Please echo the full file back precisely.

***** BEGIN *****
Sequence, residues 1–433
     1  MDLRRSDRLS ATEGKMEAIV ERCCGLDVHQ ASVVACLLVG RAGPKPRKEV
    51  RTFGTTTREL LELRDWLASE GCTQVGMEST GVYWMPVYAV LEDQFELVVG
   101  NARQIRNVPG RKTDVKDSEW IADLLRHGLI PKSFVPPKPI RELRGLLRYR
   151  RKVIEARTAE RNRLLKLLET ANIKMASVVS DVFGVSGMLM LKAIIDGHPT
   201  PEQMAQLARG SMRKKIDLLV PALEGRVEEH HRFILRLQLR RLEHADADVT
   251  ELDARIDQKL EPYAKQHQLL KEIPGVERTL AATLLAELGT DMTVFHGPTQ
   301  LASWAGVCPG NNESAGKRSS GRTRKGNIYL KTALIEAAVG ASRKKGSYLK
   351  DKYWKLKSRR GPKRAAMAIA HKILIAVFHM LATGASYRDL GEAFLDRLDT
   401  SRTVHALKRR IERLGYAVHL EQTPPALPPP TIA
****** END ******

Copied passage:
Sequence, residues 1–433
     1  MDLRRSDRLS ATEGKMEAIV ERCCGLDVHQ ASVVACLLVG RAGPKPRKEV
    51  RTFGTTTREL LELRDWLASE GCTQVGMEST GVYWMPVYAV LEDQFELVVG
   101  NARQIRNVPG RKTDVKDSEW IADLLRHGLI PKSFVPPKPI RELRGLLRYR
   151  RKVIEARTAE RNRLLKLLET ANIKMASVVS DVFGVSGMLM LKAIIDGHPT
   201  PEQMAQLARG SMRKKIDLLV PALEGRVEEH HRFILRLQLR RLEHADADVT
   251  ELDARIDQKL EPYAKQHQLL KEIPGVERTL AATLLAELGT DMTVFHGPTQ
   301  LASWAGVCPG NNESAGKRSS GRTRKGNIYL KTALIEAAVG ASRKKGSYLK
   351  DKYWKLKSRR GPKRAAMAIA HKILIAVFHM LATGASYRDL GEAFLDRLDT
   401  SRTVHALKRR IERLGYAVHL EQTPPALPPP TIA